Jonathan Newman – April 27, 2019
One of Ludwig von Mises’s most important contributions was to point out that economic calculation is impossible under socialism. Meeting consumer demands requires that factors of production are allocated to the right lines of production in the right quantities at the right time — and that they are combined in the right ways to produce what consumers want and need. Entrepreneurs make these decisions in a market economy, but they are dependent on the prices of factors of production to make their decisions. They must compare these prices to the anticipated prices of the consumer goods to be able to say yes or no to any production plan.
Socialism, however, means that private ownership of the factors of production is abolished, which means there can be no exchange of factors of production. No exchange means no prices, which are vital bits of information for entrepreneurs in a market economy. Whoever is in charge of making production decisions in a socialist regime will be “groping about in the dark” without the use of market prices for the factors of production.
This is why socialist experiments always end in disaster. The death toll for socialist experiments since the USSR is easily beyond 100 million. Resources are wasted instead of used to make food, medicine, shelter, energy, clothing, and other necessities.
Interestingly, another key tenet of socialism, besides abolishing the ownership of the factors of production, is abolishing the family. This is strange because the traditional nuclear family seems like it could be used in producing convincing socialist rhetoric: it is a good example of social bonds without private property, prices, and “capitalist exploitation.”
Yet, Marx, Engels, and many of their modern followers are anti-family. Marx and Engels write in The Communist Manifesto:
Abolition of the family! […] On what foundation is the present family, the bourgeois family, based? On capital, on private gain. In its completely developed form, this family exists only among the bourgeoisie. But this state of things finds its complement in the practical absence of the family among the proletarians, and in public prostitution.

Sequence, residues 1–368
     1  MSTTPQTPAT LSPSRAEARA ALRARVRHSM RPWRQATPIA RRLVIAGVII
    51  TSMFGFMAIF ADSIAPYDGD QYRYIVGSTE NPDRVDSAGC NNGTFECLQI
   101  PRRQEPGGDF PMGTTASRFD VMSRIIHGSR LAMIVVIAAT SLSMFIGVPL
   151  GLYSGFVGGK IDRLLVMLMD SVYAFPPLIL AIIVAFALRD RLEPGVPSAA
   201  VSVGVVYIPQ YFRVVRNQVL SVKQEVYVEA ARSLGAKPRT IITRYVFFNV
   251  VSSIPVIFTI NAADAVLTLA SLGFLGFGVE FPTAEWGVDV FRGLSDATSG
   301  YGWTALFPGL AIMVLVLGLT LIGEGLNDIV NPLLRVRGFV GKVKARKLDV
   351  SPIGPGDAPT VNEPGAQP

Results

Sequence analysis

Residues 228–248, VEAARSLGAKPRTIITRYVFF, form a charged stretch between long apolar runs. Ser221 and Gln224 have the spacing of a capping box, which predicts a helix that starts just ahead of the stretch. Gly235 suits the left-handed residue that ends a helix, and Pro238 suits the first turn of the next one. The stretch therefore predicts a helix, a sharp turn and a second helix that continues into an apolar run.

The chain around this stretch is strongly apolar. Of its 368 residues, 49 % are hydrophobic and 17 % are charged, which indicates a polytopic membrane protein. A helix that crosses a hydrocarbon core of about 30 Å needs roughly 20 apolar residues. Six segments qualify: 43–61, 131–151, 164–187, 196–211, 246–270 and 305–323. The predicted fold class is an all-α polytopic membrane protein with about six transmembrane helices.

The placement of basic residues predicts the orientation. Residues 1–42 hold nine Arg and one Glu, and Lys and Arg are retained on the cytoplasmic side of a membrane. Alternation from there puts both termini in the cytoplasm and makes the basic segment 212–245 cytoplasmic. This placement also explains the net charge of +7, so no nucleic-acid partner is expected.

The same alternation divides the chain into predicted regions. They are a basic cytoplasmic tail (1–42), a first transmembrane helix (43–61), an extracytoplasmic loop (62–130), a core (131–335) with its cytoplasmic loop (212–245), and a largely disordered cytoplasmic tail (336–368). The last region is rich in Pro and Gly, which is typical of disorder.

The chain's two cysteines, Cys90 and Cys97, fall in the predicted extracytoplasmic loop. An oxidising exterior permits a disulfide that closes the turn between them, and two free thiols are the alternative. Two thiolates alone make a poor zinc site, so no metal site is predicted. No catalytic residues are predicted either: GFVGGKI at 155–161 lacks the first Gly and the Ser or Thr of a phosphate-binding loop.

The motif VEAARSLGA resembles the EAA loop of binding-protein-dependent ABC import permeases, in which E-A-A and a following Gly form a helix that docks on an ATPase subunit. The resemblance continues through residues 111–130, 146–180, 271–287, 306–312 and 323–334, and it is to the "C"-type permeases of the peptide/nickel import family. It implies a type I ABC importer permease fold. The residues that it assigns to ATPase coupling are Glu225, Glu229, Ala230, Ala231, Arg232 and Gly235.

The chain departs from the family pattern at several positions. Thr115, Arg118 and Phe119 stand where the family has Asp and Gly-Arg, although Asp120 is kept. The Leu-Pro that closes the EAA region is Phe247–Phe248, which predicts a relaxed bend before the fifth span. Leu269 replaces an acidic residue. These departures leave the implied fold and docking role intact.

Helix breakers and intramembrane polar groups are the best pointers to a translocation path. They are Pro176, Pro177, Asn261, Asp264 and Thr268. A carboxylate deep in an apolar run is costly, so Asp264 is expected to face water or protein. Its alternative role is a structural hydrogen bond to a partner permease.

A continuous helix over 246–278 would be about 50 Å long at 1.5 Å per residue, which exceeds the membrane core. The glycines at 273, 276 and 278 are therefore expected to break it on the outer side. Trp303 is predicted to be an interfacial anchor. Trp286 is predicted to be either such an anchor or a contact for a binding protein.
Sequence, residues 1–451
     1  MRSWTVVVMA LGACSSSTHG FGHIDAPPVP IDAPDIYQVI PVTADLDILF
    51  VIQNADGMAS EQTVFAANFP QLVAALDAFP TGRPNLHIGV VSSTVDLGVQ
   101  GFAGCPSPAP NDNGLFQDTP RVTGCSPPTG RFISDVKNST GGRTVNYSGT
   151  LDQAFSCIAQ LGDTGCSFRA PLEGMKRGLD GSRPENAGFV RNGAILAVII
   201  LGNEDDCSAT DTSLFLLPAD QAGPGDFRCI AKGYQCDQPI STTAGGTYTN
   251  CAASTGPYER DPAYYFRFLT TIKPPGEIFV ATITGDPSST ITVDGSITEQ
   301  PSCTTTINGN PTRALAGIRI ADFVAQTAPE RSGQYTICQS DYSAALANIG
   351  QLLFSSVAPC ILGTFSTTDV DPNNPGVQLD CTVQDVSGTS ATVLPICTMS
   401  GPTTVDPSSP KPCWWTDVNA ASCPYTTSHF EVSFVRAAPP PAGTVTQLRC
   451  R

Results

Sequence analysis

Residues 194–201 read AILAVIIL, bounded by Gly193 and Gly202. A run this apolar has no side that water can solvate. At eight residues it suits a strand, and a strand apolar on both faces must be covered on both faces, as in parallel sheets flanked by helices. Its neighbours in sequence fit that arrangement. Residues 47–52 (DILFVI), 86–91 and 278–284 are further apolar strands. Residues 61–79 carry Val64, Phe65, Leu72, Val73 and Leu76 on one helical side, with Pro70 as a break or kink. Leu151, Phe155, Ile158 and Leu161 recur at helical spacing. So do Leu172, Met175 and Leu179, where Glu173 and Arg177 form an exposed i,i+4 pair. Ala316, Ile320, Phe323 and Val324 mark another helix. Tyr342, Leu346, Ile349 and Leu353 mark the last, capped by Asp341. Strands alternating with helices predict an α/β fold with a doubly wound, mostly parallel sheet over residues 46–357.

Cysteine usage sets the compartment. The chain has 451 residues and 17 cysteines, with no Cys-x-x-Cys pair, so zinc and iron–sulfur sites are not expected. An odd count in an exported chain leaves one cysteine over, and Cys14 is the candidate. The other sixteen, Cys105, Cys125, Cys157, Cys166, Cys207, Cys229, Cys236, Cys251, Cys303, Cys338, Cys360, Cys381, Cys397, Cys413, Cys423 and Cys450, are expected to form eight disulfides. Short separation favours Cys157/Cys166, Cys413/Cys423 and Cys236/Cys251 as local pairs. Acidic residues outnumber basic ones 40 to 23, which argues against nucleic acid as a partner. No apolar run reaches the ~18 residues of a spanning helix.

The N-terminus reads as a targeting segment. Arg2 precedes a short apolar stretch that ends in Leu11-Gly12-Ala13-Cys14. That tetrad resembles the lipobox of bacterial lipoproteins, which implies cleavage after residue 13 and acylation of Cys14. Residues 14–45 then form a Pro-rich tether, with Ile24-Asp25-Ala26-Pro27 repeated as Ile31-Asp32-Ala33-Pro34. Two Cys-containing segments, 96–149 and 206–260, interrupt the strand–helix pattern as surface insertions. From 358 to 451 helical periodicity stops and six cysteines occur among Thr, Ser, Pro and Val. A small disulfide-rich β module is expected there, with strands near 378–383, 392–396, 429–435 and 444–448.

The bourgeois family will vanish as a matter of course when its complement vanishes, and both will vanish with the vanishing of capital.
Do you charge us with wanting to stop the exploitation of children by their parents? To this crime we plead guilty.
Marx and Engels make a distinction between bourgeois and proletariat families, but “both will vanish” once communism is realized, apparently because — according to Marx — bourgeois families are predicated on exploitation. Men exploit their wives and parents exploit their children, all for “private gain.”
Engels writes in Principles of Communism:
What will be the influence of communist society on the family?
It will transform the relations between the sexes into a purely private matter which concerns only the persons involved and into which society has no occasion to intervene. It can do this since it does away with private property and educates children on a communal basis, and in this way removes the two bases of traditional marriage – the dependence rooted in private property, of the women on the man, and of the children on the parents.
The communist society includes the public education of children and a breakdown of social norms on monogamy, family responsibilities, and dependence on any individual. According to ReviseSociology.com:
Marxists argue that the nuclear family performs ideological functions for Capitalism – the family acts as a unit of consumption and teaches passive acceptance of hierarchy. It is also the institution through which the wealthy pass down their private property to their children, thus reproducing class inequality.
Modern Marxists argue that families are just propaganda channels for capitalism. Families instill acceptance of hierarchy and give the bourgeoisie a way to “reproduce class inequality” through inheritances. To this end, Engels approvingly quotes Marx in The Origin of the Family, Private Property and the State:
The modern family contains in germ not only slavery (servitus), but also serfdom, since from the beginning it is related to agricultural services. It contains in miniature all the contradictions which later extend throughout society and its state.
For Marx, the family represents a microcosm of capitalism. But why didn’t he identify it as a microcosm of socialism to argue that if socialism is feasible at the family level, then it could be feasible at a larger scale?
After all, family members do not use prices to convey information to each other about the demands for food, yard work, what vacation to go on, vacuuming, board games, transportation to events, or other things family members do for and with each other. While there are some items and rooms in the house that are used more often by one family member than the others, we do not really have justiciable “private property.” I am not accumulating IOUs from my daughter every time I provide food for her.
Exceptions to this norm or ideal are just that: exceptions. Sometimes parents pay their children to do certain chores, but we can hardly call that payment a market price. It’s more of an educational exercise to teach children responsibility and the value of money earned. No one could argue that these “prices” are the foundation for the family’s economy, preventing them from falling into calculational chaos.